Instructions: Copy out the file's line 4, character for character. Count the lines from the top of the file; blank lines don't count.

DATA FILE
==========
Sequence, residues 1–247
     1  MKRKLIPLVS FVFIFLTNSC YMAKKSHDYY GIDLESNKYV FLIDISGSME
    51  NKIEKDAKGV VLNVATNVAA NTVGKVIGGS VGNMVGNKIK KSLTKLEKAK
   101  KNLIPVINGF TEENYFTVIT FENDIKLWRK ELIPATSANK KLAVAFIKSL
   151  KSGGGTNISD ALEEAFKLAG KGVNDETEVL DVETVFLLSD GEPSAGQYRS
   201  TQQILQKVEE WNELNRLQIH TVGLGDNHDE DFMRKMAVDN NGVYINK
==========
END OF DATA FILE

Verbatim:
   101  KNLIPVINGF TEENYFTVIT FENDIKLWRK ELIPATSANK KLAVAFIKSL